Video Marketing

How to make sales outreach more effective with video prospecting

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Work in sales? If you’ve done your homework and found a lead or prospect, it’s time to put your best foot forward and reach out to them. You’re probably thinking—should I give them a call? Or send a simple email? We say use a video.

Your first impression can make or break a deal, so make it count. Videos are visual and memorable and recorded to increase your click-through rate by up to 300%.

Successful sales outreach using video prospecting - salesman talking through webcam on laptop

It also helps you stand out when you send videos via other channels like LinkedIn and Twitter. The result? An engaging, non-traditional outreach with higher chances of conversion

Learn how to make your sales outreach more effective with video prospecting below.

1. Create catchy email subject lines and clickable video thumbnails

It’s no good creating a video your prospect won’t even click. Remember, prospecting is still the first phase of the sales process, so you want to interest prospects to click the email and play the video.

The best way to go about this is to use a catchy subject line with the word “video” in it. Then, add an attention-grabbing thumbnail for the video you've linked to. We recommend an animated GIF to build curiosity. No, not a cartoon but featuring a friendly face. To personalize it, you can also type in your prospect’s name on a whiteboard, and hold it up to the camera. Then, animate yourself smiling or waving with a friendly grin—it will build trust.

Sales prospecting example GIF

Want to make your own prospecting video using a template? Check out Clipchamp's sales template library.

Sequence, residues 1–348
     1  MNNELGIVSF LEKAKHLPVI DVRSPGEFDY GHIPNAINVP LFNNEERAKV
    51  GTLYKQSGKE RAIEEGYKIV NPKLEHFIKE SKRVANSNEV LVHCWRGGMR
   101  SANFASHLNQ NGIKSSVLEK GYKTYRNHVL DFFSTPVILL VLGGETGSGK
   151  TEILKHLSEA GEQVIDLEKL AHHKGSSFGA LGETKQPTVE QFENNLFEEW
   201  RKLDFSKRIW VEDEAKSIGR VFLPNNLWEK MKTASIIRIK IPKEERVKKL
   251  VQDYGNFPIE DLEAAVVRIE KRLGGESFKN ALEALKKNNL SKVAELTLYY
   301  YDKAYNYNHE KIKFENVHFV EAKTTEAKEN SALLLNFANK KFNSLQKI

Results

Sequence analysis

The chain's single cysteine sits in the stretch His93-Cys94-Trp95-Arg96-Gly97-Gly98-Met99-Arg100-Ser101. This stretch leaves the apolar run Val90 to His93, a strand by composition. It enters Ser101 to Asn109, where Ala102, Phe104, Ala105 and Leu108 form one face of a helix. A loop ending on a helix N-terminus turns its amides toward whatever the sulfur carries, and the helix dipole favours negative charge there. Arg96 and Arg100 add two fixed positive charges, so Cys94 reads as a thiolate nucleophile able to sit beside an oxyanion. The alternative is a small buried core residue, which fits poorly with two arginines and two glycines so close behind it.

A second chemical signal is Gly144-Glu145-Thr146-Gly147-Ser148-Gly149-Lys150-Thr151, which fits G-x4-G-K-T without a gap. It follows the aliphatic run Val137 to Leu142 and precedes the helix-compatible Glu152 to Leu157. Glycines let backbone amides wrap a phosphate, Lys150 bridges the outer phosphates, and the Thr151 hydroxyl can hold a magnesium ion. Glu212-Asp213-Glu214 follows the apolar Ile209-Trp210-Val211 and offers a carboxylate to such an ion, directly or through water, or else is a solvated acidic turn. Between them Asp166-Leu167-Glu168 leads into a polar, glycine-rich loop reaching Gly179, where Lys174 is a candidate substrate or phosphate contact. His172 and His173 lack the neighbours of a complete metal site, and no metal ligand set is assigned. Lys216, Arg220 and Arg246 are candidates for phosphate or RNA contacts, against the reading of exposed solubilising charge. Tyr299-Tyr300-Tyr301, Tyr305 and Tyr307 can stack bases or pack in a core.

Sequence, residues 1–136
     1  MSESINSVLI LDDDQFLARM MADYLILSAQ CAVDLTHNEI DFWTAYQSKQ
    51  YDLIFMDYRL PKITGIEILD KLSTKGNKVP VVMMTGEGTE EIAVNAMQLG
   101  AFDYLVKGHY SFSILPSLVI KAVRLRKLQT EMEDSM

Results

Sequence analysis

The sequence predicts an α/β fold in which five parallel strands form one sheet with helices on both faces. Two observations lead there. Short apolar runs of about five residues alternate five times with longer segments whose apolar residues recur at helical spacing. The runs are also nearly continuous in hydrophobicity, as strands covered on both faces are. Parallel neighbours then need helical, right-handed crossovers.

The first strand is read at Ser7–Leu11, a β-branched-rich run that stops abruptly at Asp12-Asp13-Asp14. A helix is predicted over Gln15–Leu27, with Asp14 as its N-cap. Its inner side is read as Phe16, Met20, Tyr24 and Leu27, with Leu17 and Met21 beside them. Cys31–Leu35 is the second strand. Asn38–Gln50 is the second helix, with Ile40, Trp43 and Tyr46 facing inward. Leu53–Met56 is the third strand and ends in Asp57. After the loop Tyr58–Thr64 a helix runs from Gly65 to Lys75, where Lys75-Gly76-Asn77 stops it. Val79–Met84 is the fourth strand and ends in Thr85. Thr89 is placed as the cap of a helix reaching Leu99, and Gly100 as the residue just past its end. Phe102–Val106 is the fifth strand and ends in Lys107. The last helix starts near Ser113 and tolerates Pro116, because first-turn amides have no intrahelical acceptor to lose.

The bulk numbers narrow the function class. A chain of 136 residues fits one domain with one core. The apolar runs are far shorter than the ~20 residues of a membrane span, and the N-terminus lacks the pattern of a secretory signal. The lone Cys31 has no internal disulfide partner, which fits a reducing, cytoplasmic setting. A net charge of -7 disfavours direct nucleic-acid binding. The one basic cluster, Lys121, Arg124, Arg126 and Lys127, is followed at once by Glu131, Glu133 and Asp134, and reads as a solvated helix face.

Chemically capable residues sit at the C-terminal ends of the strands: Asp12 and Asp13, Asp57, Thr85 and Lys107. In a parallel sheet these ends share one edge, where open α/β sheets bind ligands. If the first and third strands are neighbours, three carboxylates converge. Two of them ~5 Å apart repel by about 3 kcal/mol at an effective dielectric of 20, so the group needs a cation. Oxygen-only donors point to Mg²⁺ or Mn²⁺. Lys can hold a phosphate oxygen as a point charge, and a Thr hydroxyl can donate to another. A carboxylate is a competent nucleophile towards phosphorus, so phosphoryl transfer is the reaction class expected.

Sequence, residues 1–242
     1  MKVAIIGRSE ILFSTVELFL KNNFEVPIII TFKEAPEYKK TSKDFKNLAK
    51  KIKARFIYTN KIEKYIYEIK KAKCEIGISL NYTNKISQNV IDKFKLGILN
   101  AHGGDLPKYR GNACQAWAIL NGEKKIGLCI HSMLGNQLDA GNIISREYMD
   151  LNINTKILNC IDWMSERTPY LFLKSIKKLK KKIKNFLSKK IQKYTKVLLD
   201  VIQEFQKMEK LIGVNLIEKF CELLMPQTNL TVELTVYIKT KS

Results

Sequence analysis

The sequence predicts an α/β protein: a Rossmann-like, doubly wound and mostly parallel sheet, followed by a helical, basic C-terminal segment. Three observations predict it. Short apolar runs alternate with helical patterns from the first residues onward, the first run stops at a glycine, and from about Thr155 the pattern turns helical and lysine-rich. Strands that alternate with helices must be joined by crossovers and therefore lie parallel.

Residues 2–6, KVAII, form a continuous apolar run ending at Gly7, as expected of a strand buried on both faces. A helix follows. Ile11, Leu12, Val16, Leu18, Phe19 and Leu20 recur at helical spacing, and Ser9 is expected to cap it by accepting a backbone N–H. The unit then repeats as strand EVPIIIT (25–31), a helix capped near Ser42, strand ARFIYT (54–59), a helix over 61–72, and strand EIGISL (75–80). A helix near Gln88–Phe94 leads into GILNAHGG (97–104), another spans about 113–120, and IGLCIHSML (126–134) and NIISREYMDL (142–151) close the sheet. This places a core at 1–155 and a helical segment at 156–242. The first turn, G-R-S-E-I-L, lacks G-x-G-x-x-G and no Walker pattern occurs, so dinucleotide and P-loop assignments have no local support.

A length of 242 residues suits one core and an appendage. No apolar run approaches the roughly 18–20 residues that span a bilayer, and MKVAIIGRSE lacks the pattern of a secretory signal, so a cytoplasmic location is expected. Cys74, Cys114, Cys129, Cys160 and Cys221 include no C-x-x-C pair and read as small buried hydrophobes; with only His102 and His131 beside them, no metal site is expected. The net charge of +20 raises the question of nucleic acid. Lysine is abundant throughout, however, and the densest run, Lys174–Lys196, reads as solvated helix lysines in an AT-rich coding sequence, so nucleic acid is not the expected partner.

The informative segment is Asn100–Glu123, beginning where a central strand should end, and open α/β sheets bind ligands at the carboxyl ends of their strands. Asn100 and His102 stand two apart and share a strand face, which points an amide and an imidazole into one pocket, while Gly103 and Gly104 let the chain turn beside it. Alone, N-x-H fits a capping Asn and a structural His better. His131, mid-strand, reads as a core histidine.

Pro tip: Do your research before deciding on your email provider. Outlook and Gmail are probably the most popular now so make sure you read up on Outlook vs. Gmail resources first before you make a decision.

2. Be creative and personalize the pitch

Don’t be afraid to get creative. You have a chance to engage the viewer from the moment they press “play.” If you’ve thoroughly researched this new prospect, you might know some of their interests like their favorite sports team, birthday, or company products. 

So, you could wear a jersey from their favorite team, hold up a product from their company or use a clown prop wishing them a happy birthday. That will help grab their attention and humanize your video. You’ll put a smile on their faces—and on yours.

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3. Focus on what you can do for the prospect

Girl smiling and holding laptop with an visual chart of a sales funnel

After you’ve gotten their attention, the next thing is to sell what you can do for them and focus on it. You have about 60 seconds or less to introduce yourself, the reason for reaching out, and cap it off with a call-to-action (also, here's how to write a powerful video CTA).

You could do the following to make your video strategy work: